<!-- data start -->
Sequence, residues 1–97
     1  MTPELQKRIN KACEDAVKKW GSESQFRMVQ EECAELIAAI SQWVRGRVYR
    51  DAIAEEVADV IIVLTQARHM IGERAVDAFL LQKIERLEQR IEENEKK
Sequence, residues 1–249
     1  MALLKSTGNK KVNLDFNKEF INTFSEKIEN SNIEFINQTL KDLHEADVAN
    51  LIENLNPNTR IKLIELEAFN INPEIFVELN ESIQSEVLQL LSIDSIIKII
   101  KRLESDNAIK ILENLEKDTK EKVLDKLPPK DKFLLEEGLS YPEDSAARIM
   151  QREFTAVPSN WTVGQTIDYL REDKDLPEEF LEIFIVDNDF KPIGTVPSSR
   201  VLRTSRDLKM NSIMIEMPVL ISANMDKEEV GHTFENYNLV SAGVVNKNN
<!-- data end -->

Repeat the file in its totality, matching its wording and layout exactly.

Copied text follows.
Sequence, residues 1–97
     1  MTPELQKRIN KACEDAVKKW GSESQFRMVQ EECAELIAAI SQWVRGRVYR
    51  DAIAEEVADV IIVLTQARHM IGERAVDAFL LQKIERLEQR IEENEKK
Sequence, residues 1–249
     1  MALLKSTGNK KVNLDFNKEF INTFSEKIEN SNIEFINQTL KDLHEADVAN
    51  LIENLNPNTR IKLIELEAFN INPEIFVELN ESIQSEVLQL LSIDSIIKII
   101  KRLESDNAIK ILENLEKDTK EKVLDKLPPK DKFLLEEGLS YPEDSAARIM
   151  QREFTAVPSN WTVGQTIDYL REDKDLPEEF LEIFIVDNDF KPIGTVPSSR
   201  VLRTSRDLKM NSIMIEMPVL ISANMDKEEV GHTFENYNLV SAGVVNKNN